You can’t teach an old dog new tricks, old habits die hard, force of habit… These and other classic idioms are ingrained into our psyche, reminding us time and again how difficult it can be to make a change. Day after day, we follow the routine of rituals that keeps all of the moving parts in our lives chugging along. In many ways, doing the same things daily can be comforting and give us a base on which to juggle the less stable elements of our lives. After a particularly crazy day at the office for example, it feels good to escape into your favorite TV program for an hour, or curl up with a glass of red wine and a book before bed. The trouble starts when that one glass of wine turns into 3 or 4, and an hour of TV becomes inextricably linked to a junk food binge with a hefty side serving of guilt. The longer we continue these habits, the more powerless we feel to change them–and we give in to what we feel is inevitable, whether or not it may actually be.
“Routine” doesn’t have to mean “rut”, though the two words are often used synonymously; and habits can be just as good as they can be bad. In fact, a routine can be undoubtedly helpful in forming good habits. By creating a routine you eliminate optionality, therefore giving yourself less chance to veer from the course. Although this may sound dull at first glance, the feeling of pride from succeeding to implement these new habits can be as exciting as a spontaneous treat. How good does it feel at the end of a week where you’ve finally managed to meet your fitness goals? Or imagine the feeling in both body and spirit when you’ve been eating well for an extended period of time? It is this feeling of success that is often the impetus for making a change, and the motivation that keeps us going.
Then there are the bad habits, the things we tell ourselves we shouldn’t do, but we do them anyway. Some, like smoking, are more of a physical addiction than a habit–but many are simply patterns of behavior that we’ve built on our own. And breaking them, is something that we are also entirely capable of doing on our own. Here’s how:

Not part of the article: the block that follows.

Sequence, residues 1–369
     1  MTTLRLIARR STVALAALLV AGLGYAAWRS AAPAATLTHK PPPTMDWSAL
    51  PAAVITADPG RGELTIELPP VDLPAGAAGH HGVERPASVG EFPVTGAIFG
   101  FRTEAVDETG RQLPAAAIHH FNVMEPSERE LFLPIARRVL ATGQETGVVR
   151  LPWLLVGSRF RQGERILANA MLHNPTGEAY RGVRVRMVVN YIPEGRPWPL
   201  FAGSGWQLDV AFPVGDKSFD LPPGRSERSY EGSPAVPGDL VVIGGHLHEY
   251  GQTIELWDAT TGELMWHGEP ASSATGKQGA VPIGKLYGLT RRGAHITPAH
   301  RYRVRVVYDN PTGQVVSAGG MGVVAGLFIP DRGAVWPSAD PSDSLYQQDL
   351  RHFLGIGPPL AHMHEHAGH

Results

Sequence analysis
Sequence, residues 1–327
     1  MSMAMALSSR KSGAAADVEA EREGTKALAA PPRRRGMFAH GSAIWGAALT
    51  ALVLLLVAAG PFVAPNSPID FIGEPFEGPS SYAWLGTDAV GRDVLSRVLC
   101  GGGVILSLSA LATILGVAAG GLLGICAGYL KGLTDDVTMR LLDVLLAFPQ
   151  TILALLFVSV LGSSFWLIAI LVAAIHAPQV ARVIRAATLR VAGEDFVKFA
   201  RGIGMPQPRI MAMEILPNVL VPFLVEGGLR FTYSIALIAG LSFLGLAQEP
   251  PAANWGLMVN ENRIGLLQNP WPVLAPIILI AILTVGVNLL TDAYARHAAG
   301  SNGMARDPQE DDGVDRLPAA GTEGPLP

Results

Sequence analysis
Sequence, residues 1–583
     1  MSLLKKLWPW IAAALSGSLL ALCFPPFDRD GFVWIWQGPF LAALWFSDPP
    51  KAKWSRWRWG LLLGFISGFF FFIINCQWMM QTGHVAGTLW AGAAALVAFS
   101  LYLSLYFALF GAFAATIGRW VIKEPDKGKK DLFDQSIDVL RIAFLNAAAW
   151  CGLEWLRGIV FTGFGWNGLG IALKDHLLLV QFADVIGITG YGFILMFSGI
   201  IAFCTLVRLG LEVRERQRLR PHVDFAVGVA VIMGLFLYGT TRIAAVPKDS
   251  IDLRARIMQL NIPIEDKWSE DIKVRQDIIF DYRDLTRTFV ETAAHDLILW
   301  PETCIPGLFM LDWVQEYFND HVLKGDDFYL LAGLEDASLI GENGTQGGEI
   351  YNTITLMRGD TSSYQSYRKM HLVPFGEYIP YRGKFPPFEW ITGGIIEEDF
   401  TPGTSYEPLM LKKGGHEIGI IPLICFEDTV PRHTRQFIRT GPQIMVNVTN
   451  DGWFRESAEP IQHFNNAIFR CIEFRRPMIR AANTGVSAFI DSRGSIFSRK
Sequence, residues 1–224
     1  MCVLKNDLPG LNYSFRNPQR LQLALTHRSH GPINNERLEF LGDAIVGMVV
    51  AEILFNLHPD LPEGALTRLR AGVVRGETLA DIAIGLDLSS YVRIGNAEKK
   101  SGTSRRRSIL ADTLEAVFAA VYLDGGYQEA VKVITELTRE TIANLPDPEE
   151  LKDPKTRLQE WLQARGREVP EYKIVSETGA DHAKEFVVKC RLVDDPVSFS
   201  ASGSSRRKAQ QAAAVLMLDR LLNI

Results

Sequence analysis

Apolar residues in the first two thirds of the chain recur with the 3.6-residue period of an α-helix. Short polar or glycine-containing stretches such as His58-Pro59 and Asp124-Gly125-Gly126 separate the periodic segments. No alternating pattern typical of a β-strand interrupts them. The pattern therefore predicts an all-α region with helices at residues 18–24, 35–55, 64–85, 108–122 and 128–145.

BREAKING BAD: How to break bad habits
Just like addiction, the first step to kicking a habit is to acknowledge that it is one.
Rather than vowing to quit something because your doctor/friend/significant other told you to, think about the real reason and potential reward for doing so. If you’re trying to avoid processed foods and start to associate them with decreased longevity and gradual illness, those potato chips will begin to look a lot less appetizing.
Habits are often linked to others. If you know that certain activities make you more susceptible to a bad habit, avoiding or rethinking these activities can help you stay strong. If happy hour drinks with friends often leads to late night eating, try cooling it on the alcohol for a while or stocking your fridge with healthy snacks.
REWARD, DON’T PUNISH
Quitting anything cold turkey without any relapses is difficult, so allowing a margin for error is essential. Rather than kicking yourself for sleeping through your Pilates class, assess why it happened, and commit to a yoga class on the weekend instead. Then, reward yourself for making the next class with a fancy smoothie or a pedicure.
GETTING GOOD: How to create good habits
Devise a concrete goal, along with why it’s important to you. Deciding to cook at home 3 nights a week is more attainable than a general goal of “eating healthier.”
IDENTIFY OTHER HABITS
Think about other habits that you stick to–and create a similar structure for your new goal. If you eat a healthy breakfast every morning because your roommate prepares it for you, think about creating a similar buddy system. Or if making time for the elliptical is easy for you because you can answer emails from your phone while exercising, find other ways to multitask your workouts like walking to work.
IDENTIFY WHAT’S STOPPING YOU
Think about the roadblocks to your goal, and make a specific plan to remove them. If you eat well at home but lose willpower at restaurants, try reading the menu before going out and committing to a healthy option before the temptation even has a chance to sneak in.
Set up reminders and rewards for yourself along the way. Fitness photos as your laptop background can be a healthy reminder to get to the gym, and making a reservation for the end of the month at a nice restaurant, or planning to buy a new dress can be a welcome treat after sticking to your dietary goals.
Of course whether the objective is making good habits, or breaking the bad: it will take time. Slipups shouldn’t be seen as failures but as speed bumps on the road to success; and success should be measured only by your own personal gage. Remember the old tale of the tortoise and the hare? So take it slow, celebrate little victories along the way–and don’t wallow in the pitfalls. We all know that Rome wasn’t built in a day.